Transcontinental Services Only
Flights to Asia, Africa, Europe, the Middle East, South America and the South Pacific
Within North America and Central America
United Business First
Most flights to Africa, Asia, Europe, India, the Middle East, South America and the South Pacific, and flights between Tokyo and Bangkok, Seoul, Singapore and Taipei
On flights to Canada, Guam, Caribbean, Latin America, Hong Kong, Ho Chi Minh, Singapore and Tokyo
- Originated from the Varney Air Lines air mail service, which also founded Varney Speed Lines later becoming Continental Airlines
- Changed name to United Airlines in 1934
- First airline to operate 767s in 1982 and 777s in 1995
- Purchased the Pan Am Pacific division in 1985
- Purchased Pan Am’s route to London Heathrow in 1991 making it one of only two airlines able to fly between America and London until the open skies policy in 2008
- Launched its own low cost subsidiary, Shuttle by United, in 1994 which operated until 2001
- Co-founder of Star Alliance in 1997
- After September 11th 2001 terrorist attacks, the airline entered a period of financial hardship and applied for bankruptcy protection
- Merger between Continental Airlines and United airlines in March 2012 changing Continental branding to United’s with United’s logo changing to Continental’s logo
- Regional offshoots Continental Express and United Express also merged to become United Express.
- ERJ 135/145, CRJ200/700, Embraer 170, Bombardier Q400, ATR 72
- Star Alliance
- United Express
If a flight is oversold (more passengers hold confirmed reservations than there are seats available), airline personnel must first ask for volunteers who will give up their reservation willingly, in exchange for compensation of the airline’s choosing.
If passenger is denied boarding involuntarily, he/she is entitled to a payment of ‘‘denied boarding compensation’’ from the airline except in special circumstances.
On domestic and international flights, passengers denied boarding involuntarily from an oversold flight are entitled to compensation if passenger is offered alternate transport which results in a delay in arrival time as follows:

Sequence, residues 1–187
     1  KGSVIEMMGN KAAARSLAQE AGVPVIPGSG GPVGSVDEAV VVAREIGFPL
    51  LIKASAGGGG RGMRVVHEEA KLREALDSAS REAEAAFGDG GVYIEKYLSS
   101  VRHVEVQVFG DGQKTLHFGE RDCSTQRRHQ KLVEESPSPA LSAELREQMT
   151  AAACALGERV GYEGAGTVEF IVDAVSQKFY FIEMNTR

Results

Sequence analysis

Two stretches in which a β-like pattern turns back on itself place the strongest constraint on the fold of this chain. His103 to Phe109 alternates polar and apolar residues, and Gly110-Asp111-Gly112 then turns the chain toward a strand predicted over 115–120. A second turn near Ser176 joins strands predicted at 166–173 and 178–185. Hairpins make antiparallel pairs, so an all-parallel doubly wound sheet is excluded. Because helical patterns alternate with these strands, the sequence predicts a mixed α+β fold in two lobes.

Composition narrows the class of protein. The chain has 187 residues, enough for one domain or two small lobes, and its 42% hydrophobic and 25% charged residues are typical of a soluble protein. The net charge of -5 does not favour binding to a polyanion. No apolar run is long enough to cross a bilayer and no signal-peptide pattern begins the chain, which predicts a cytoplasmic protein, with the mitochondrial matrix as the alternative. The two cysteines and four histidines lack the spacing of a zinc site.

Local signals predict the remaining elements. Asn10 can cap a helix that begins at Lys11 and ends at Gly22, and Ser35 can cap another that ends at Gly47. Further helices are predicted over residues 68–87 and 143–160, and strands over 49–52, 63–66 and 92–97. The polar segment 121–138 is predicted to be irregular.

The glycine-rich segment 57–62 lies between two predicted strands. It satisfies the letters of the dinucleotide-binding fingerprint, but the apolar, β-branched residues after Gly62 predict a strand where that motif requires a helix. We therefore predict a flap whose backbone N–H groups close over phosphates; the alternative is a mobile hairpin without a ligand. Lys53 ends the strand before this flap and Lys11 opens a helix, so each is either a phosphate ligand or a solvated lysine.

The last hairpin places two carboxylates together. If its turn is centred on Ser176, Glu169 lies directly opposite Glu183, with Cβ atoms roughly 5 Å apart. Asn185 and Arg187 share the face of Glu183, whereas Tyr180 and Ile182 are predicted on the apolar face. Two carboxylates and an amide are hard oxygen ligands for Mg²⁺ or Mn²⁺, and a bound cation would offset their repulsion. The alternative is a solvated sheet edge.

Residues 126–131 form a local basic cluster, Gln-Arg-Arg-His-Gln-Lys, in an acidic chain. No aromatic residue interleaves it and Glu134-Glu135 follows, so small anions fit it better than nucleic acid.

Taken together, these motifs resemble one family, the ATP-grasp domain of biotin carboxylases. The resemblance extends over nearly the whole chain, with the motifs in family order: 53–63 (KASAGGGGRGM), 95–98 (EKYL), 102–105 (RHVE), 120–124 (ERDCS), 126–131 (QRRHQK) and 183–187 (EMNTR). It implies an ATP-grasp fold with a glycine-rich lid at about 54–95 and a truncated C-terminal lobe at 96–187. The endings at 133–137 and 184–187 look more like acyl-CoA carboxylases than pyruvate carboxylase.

0 to 1 hour arrival delay – No compensation.
- 1 to 2 hour arrival delay – 200% of one-way fare (but no more than $650).
Over 2 hours arrival delay – 400% of one-way fare (but no more than $1,300).
When lengthy delays resulting from denied boarding arise, passengers will be offered accomodation at Deltas contracted hotels or a credit voucher for up to $100 if accomodation is not available.
In the event of flight cancellation, diversion, delays of greater than 90 minutes, or delays that will cause a passenger to miss connections, United will (at passenger’s request) cancel the remaining ticket and refund the unused portion of the ticket and unused ancillary fees. Passengers may also choose to be re routed on the next available flight that has seats in the purchased travel class. United may arrange for the passenger to travel on another carrier or via ground transportation.
If overnight accommodations are available at United’s contracted facilities, United will provide the passenger with a voucher for one night‘s lodging when the delay is during the period of 10:00 pm to 6:00 am. United will provide free public ground transportation to the hotel if the hotel does not offer such service. United will provide snacks and/or meal vouchers in the event of a delay caused by UA that extends beyond normal meal hours or whenever lodging is required.
Long flight delays
If major delay is experienced, passengers will be rerouted on the airline’s next flight with available seats. If the delay was caused by events within the airline’s control and the passenger does not get to his/her final destination on the expected arrival day, reasonable overnight accommodations as outlined above will be provided, subject to availability.
Lengthy Tarmac Delays at US airports
U.S. and foreign air carriers do not permit an international flight to remain on the tarmac at a U.S. airport for more than four hours without allowing passengers to deplane subject to safety, security, and ATC exceptions. This applies to small hub and non-hub airports, including diversion airports.
U.S. and foreign carriers are required to coordinate plans with Customs and Border Protection (CBP) and the Transportation Security Administration (TSA)
Notification of the status of delays must be given every 30 minutes while the aircraft is delayed, including reasons for delay, if known. Drinking water must be provided complimentary once the delay is over two hours.
Notice of a claim imust be presented to an office of United within 24 hours after baggage is lost or damaged.
Liability for loss, damage or delayed delivery of checked baggage is limited to the actual value of the baggage or $3,400, whichever is less, unless the passenger declares a higher value for loss of baggage, not to exceed $5,000.00 including the $3,400 standard liability per passenger and pays the airline a one-way rate of 1 USD per 100 USD of declared higher value. Click here for more information baout lost and damaged baggage claims.
People with disabilities and people with reduced mobility
Passengers should notify the airline of the need for assistance at the time of booking or 48 hours before and check in with plenty of time. See Delta’s United’s policy for people with disabilities click here.
See airlines full conditions of carriage here
NOTE: Conditions of Carriage refer to the country of origin and may not be applicable to all jurisdictions.
Passenger rights for US airlines flying into Europe click here
To lodge a complaint with the airline click here
To lodge a complaint with the US Department of Transport (DOT) click here
Click here for more information about our United Airlines reviews and safety ratings system.